> > problem, rather than as handles for specific semantics.
> > (The two sides have consistently talked right past each
> > other on XML Namespaces; the spectacle would be comical
> > if it weren't so incredibly expensive for everyone.)
> > I see the confusing welter of confused, non-modular XML
> > specifications as a hopeful sign. The Babel effect is
> > slowing the pendulum down, and it may soon reverse its
> > course, and move toward Perspective 2. I hope it does.
> > If enhancing human productivity is truly the shared
> > goal, balance must someday prevail. At the moment,
> > most people are on one side or the other, but few
> > realize that there is even a dialectic tension here,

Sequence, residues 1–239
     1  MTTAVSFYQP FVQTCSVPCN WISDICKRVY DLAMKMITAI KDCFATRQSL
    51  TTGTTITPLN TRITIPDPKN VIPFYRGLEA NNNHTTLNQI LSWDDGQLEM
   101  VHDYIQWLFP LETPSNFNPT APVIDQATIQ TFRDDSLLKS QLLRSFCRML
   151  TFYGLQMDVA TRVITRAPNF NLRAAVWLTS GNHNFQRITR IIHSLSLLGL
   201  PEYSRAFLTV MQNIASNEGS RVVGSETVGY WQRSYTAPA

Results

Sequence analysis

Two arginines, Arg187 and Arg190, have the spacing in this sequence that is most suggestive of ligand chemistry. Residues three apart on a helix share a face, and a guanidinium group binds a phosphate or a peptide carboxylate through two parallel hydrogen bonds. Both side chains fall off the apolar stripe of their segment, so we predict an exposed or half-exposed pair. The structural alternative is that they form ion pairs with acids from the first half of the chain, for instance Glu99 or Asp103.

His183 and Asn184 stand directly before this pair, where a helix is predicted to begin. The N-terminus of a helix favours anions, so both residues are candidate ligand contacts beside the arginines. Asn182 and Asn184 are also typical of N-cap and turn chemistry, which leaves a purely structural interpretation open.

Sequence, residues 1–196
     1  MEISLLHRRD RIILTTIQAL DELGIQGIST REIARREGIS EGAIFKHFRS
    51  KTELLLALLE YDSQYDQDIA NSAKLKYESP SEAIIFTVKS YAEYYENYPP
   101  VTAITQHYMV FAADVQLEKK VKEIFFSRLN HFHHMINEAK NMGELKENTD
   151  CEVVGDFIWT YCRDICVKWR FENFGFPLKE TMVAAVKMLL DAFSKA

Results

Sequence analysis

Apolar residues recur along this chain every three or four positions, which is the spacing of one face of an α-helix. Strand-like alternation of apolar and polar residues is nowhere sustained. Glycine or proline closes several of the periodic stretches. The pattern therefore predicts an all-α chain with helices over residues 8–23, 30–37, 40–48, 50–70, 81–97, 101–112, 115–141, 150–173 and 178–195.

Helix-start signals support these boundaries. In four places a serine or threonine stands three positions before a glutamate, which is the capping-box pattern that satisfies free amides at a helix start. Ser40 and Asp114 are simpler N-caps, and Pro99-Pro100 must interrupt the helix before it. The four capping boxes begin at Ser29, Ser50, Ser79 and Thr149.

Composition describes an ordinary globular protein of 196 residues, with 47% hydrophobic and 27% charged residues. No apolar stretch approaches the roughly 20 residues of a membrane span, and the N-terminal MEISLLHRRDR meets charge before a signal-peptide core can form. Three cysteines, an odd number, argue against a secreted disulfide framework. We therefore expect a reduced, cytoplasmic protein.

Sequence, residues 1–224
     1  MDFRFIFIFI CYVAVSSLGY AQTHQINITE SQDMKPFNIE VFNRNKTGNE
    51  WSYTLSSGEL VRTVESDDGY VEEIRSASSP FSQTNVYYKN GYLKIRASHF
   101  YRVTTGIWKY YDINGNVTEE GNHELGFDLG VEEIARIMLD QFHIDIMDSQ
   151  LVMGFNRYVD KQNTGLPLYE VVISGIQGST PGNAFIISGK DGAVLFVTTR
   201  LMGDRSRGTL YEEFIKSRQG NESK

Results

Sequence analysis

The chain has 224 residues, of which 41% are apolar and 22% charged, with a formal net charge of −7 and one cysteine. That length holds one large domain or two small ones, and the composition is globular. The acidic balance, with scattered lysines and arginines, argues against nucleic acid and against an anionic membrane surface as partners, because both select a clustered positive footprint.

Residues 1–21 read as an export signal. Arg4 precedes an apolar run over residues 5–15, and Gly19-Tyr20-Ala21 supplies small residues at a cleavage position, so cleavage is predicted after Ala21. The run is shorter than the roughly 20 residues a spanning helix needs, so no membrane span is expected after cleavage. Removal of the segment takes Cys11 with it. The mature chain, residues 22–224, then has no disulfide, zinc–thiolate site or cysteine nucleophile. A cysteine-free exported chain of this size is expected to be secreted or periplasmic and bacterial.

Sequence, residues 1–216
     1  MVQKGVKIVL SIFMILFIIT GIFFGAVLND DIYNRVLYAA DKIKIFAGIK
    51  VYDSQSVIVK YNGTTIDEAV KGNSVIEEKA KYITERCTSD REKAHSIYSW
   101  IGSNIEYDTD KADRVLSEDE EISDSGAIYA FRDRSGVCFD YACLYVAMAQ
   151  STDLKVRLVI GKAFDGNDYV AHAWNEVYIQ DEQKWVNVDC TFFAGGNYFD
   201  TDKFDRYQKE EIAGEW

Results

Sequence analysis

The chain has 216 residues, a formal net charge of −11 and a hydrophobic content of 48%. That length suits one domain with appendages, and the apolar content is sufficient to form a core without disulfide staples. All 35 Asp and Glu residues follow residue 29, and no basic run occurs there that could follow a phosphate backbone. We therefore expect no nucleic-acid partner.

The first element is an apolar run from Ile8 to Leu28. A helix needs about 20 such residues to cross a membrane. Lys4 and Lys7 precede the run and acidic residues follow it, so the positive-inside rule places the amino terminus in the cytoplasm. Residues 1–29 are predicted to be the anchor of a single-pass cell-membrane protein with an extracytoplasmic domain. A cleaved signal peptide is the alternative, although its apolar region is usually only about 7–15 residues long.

> > much less what the lack of balance between the two
> > perspectives is costing everyone on this planet. When
> > we all appreciate the value of the other side's
> > perspective, things will improve a lot.
> > It looks to me as though the W3C, having sinned
> > grievously against Perspective 2, is now starting to
> > move toward it. I nourish the hope that this is the
> > real meaning of the "Semantic Web" initiative. If so,
> > it's going to be a tough and divisive path for the W3C
> > to follow, and I wish them well. I find many of their
> > efforts to describe the goals of the Semantic Web as
> > Delphic as others do. It would be a lot clearer if
> > they could be seen to embrace Perspective 2, but it may